A statue of Our Lady in Medjugorje, Bosnia and Herzegovina. Credit: Gnuckx via Flickr (CC BY 2.0).
A laicized priest who had been the spiritual director to six people who said they experienced visions of the Blessed Virgin Mary in the Bosnian town of Medjugorje has been excommunicated.
Tomislav Vlasic, who had been a Franciscan priest until he was laicized in 2009, was excommunicated 15 July by a decree of the Congregation for the Doctrine of the Faith in the Vatican. The excommunication was announced this week by the Diocese of Brescia, Italy, where the laicized priest lives.
The Brescia diocese said that since his laicization, Vlasic “has continued to carry out apostolic activities with individuals and groups, through conferences and online; he has continued to present himself as a religious and priest of the Catholic Church, simulating the celebration of sacraments.”
The diocese said Vlasic has been the source of “serious scandal to Catholics,” by disobeying the directives of ecclesiastical authorities.
When he was laicized, Vlasic was forbidden from teaching or engaging in apostolic work, and especially from teaching about Medjugorje.
He was in 2009 accused of teaching false doctrine, manipulating consciences, disobeying ecclesiastical authority, and of committing acts of sexual misconduct.
A person who is excommunicated is prohibited from receiving the sacramentals until the penalty has been lifted.
Alleged Marian apparitions in Medjugorje have long been a subject of controversy in the Church, which have been investigated by the Church but not yet authenticated or rejected.
The alleged apparitions began June 24, 1981, when six children in Medjugorje, a town in what is now Bosnia and Herzegovina, began to experience phenomena which they have claimed to be apparitions of the Blessed Virgin Mary.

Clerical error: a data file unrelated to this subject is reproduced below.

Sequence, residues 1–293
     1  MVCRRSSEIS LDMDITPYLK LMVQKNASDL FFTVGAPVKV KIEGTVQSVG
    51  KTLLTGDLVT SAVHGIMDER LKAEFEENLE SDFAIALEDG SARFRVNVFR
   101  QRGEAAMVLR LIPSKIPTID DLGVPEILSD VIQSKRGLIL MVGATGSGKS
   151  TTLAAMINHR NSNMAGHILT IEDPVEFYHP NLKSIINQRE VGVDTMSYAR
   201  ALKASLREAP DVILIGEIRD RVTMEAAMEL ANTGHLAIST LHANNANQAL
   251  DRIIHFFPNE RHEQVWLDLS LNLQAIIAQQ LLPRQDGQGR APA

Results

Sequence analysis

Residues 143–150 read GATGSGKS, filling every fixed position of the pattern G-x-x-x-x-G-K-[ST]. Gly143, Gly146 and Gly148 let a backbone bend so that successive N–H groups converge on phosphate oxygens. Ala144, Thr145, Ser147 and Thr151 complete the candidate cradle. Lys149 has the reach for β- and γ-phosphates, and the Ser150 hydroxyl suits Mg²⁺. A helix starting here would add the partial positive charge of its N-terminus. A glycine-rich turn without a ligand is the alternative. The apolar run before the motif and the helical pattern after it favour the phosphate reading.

According to these six “seers,” the apparitions contained a message of peace for the world, a call to conversion, prayer and fasting, as well as certain secrets surrounding events to be fulfilled in the future.
Since their beginning, the alleged apparitions have been a source of both controversy and conversion, with many flocking to the city for pilgrimage and prayer, and some claiming to have experienced miracles at the site, while many others claim the visions are non-credible.
In January 2014, a Vatican commission concluded a nearly four-year-long investigation on the doctrinal and disciplinary aspects of the Medjugorje apparitions and submitted a document to the Congregation for the Doctrine of the Faith.
When the congregation has analyzed the commission’s findings, it will finalise a document on the alleged apparitions, which will be submitted to the pope, who will make a final decision.
Pope Francis approved Catholic pilgrimages to Medjugorje in May 2019, but he has not made a deliberation on the authenticity of the apparitions.
Those alleged apparitions “still require an examination by the Church,” papal spokesman Alessandro Gisotti said in a statement 12 May 2019.
The pope permitted pilgrimages “as an acknowledgement of the “abundant fruits of grace” that have come from Medjugorje and to promote those “good fruits.” It is also part of the “particular pastoral attention” of Pope Francis to the place, Gisotti said.
Pope Francis visited Bosnia and Herzegovina in June 2015 but declined to stop in Medjugorje during his trip. During his return flight to Rome, he indicated that the process of investigation in the apparitions was nearly complete.
On the return flight from a visit to the Marian shrine of Fatima in May 2017, the pope spoke about the final document of the Medjugorje commission, sometimes referred to as the “Ruini report,” after the head of the commission, Cardinal Camillo Ruini, calling it “very, very good,” and noting a distinction between the first Marian apparitions at Medjugorje and the later ones.
“The first apparitions, which were to children, the report more or less says that these need to continue being studied,” he said, but as for “presumed current apparitions, the report has its doubts,” the pope said.